6. 6. Make sure you really have a story or opportunity to give: Just like you have no business entering into a romantic relationship if you have nothing to offer the other person, you have no business pitching a blogger if you don’t have a story or an opportunity. Be honest with yourself and your clients or colleagues if you don’t.  You’re doing yourself and the organization you represent a disservice if you approach a blogger with a stupid idea just to “get something out there.” (Note: while I believe there are no stupid ideas in a brainstorm session, there is such a thing as a stupid idea. Just sayin’.)
  7. 7. Communicate honestly: Poor communication leads to certain death of a romantic relationship. With blogger relationships, it’s really important to communicate openly and honestly. For example, if a blogger responds to a pitch with a “not interested” or suggestion of an ad buy, don’t be pushy, offended or indignant. This is an opportunity to have an honest, two-way conversation about what your respective needs are out of the relationship. And if it doesn’t work (this time or ever) that’s okay too.

This list is hardly exhaustive, but I think most would agree that doing these things would help keep most daters off dating blacklists like this one:

I’m interested to hear more from bloggers and PR professionals on this subject. What else can we do to put the romance back in our relationship?


{ 3 comments… read them below or add one }

Adam Sherk August 27, 2010 at 6:20 am

Great tips and a good analogy Jennifer. On a totally unrelated note, I like how the couple in the photo almost pop out of the image, must be very high resolution.

Carol @NYCityMama September 1, 2010 at 1:54 pm

Great tips Jennifer! One other tip is that PR really needs to look at what they are asking the bloggers to do, and if it pretty much means to lead a campaign, serve as ambassador, spokesperson, representative, consultant (give advice), etc., then a meeting with the marketing team and/or client is in order, because just as spam is intolerable so are the words “no budget”.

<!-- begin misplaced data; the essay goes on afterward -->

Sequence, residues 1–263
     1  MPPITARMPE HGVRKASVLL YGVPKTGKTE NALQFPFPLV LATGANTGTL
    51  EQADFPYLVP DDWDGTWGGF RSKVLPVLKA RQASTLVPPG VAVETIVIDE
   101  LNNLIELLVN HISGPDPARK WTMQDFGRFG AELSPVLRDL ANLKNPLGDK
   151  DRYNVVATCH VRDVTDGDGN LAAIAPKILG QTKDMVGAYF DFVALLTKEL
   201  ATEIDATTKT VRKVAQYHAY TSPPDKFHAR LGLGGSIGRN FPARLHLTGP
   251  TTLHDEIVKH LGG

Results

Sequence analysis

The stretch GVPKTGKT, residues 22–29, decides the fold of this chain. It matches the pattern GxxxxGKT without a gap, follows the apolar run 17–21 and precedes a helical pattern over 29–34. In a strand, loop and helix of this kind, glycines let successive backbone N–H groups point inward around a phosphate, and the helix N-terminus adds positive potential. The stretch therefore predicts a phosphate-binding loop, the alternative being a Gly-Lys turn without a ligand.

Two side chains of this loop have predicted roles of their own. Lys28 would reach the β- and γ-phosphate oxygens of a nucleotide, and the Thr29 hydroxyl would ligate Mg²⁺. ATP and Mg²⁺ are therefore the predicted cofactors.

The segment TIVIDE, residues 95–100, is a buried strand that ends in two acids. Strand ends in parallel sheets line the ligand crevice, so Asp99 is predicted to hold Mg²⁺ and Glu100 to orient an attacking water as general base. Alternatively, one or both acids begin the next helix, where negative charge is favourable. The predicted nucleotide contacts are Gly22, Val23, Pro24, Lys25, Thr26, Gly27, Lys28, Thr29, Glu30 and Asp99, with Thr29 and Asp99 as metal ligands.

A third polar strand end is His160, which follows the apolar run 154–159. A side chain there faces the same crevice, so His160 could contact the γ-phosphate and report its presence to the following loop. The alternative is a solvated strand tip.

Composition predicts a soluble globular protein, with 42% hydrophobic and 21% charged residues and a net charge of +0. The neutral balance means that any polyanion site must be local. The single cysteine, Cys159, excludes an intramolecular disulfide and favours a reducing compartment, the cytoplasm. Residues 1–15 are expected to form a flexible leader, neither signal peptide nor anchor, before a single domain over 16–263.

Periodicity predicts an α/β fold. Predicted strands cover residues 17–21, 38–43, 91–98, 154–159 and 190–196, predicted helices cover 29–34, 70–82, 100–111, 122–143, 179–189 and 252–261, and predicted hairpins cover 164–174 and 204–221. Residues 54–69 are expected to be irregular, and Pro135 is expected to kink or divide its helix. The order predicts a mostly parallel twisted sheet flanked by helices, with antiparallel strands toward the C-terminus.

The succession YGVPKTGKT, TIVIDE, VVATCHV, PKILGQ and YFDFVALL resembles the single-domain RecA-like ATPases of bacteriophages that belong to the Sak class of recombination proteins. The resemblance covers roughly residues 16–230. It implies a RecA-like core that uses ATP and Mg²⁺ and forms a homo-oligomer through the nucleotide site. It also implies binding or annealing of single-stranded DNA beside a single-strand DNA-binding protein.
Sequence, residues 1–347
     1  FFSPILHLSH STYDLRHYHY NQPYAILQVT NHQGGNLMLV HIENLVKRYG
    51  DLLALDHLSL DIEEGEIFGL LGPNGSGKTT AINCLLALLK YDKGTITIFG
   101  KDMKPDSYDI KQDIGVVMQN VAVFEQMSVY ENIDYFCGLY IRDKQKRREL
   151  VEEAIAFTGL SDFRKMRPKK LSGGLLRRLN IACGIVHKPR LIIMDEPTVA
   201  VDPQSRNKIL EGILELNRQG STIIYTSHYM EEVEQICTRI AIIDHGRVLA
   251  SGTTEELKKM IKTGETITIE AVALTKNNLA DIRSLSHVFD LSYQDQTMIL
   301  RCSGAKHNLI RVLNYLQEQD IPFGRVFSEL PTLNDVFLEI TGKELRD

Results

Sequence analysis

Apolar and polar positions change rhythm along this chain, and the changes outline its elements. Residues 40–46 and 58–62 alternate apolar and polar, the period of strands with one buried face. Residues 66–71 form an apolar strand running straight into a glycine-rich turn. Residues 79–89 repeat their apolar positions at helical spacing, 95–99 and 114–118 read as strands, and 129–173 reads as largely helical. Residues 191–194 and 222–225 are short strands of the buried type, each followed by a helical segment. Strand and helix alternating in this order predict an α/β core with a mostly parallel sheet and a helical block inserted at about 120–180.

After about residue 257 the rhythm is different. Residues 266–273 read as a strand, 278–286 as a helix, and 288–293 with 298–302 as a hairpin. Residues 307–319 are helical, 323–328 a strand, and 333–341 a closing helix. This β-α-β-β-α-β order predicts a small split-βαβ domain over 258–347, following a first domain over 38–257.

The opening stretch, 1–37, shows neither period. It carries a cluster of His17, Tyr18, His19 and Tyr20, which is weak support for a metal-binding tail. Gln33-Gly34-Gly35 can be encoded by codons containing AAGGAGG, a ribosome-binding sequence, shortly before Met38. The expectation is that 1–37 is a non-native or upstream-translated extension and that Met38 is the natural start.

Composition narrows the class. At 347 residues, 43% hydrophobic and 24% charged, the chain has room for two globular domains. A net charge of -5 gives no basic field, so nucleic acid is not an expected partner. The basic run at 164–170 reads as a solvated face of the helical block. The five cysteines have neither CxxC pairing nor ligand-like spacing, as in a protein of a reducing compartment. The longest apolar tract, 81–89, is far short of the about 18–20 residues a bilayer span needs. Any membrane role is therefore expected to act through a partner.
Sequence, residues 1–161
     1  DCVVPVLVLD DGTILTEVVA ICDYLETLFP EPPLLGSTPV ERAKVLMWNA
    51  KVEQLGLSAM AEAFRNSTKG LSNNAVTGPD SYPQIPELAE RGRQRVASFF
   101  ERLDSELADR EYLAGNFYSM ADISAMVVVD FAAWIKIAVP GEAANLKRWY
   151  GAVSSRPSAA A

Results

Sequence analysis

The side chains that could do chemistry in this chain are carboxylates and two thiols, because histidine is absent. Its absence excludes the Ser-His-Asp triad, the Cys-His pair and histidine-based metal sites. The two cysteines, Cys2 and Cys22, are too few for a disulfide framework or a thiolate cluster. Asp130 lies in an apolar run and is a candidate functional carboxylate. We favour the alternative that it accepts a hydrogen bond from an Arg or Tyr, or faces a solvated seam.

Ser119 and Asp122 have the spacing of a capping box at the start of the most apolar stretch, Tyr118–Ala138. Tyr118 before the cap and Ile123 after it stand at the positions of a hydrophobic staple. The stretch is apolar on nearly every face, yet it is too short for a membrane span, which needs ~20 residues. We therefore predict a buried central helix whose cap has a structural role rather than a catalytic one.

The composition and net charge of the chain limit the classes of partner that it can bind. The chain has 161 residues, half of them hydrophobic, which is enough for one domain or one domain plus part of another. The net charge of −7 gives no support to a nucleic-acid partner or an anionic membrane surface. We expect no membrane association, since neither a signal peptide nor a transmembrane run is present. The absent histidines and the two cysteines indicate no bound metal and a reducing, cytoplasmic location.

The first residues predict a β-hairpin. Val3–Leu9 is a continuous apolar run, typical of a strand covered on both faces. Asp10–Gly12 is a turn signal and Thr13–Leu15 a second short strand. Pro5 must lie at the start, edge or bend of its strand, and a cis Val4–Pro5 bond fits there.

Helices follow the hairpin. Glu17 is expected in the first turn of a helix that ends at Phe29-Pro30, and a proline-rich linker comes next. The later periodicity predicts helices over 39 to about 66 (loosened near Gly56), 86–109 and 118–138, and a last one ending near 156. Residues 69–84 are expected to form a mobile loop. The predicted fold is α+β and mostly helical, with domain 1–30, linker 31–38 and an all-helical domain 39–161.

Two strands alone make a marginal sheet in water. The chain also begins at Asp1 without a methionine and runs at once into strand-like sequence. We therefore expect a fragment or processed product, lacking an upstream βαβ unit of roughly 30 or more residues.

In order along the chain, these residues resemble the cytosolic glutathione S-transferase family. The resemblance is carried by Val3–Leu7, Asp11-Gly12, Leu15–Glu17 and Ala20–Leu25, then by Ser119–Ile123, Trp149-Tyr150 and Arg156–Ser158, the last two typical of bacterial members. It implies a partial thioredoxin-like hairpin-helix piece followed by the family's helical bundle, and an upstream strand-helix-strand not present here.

I recently talked to a PR rep about this and his response was “that no [real] journalist would dare ask for compensation for a review or feature of a product, service, or company. Except, here’s the deal…the [real] journalist IS being compensated…just not by the PR/Marketing firm. The [real] journalist gets paid for the hours they spend writing, researching, fact-checking, interviewing…just not by the PR/Marketing firm, she/he is also getting reimbursed for all those expenses (car service, food, etc). Bloggers do not if they don’t insist on it and if PR/Marketing agencies refuse to incorporate the mindset that this is an investment worth making in these relationships. The beauty of bloggers is that we have a following of people who “know” us, trust our word, and believe that when we write about anything, we write about them with all emotions and clear and honest opinions on deck. We don’t have an Editor warning us of potential loss of advertisers or readership. We are not bound by a rule of unbiased opinions in our reviews and posts [articles]. We are completely biased…we love it or HATE it…and why. That’s why we have followers, readers, loyalists who refer to us for your products. That’s the gist of it. So, yes, the spam sucks ass. It tells us the PR isn’t taking the time to get to know us (put that Junior employee to work and have them reading blogs and put together reports of her/his findings) and that they don’t really care to know us. But worst then spam is asking us to take on the role of PR and Marketers and then be offended, insulted, and flabbergasted that we would even ASK to be compensated….because though no one seems to be working for free…journalists, PR reps, marketing reps, or even junior employees for any of these, it seems that we bloggers should. Or at least be happy with the coupon, the link up, and the free coffee-maker….y’know, for the coffee we will need to stay up at night while we get through the spam.

Ana Lilian Flores September 20, 2010 at 5:02 pm

Thanks for writing this, Jennifer! I agree with every single point.
I will also add, and it goes with what Carol is saying, that we are not available for free “brain pickings” or sharing of our buddy lists!
If we have anything of value that is of worth to a brand, then it is worth it’s price in dollars. Everything we know has come through hours and hours of investment of our time–our most valuable asset as mom bloggers. All those hours researching, connecting with others, writing and attending events have given us a knowledge database of the inner workings of our industry and it’s key players. If you want to find out more about it, hire us. Don’t treat us to lunch to pick our brains. We value our brains. These brains and kick ass vision have allowed us to reinvent our lives doing something we love.

Leave a Comment

Previous post:

Next post: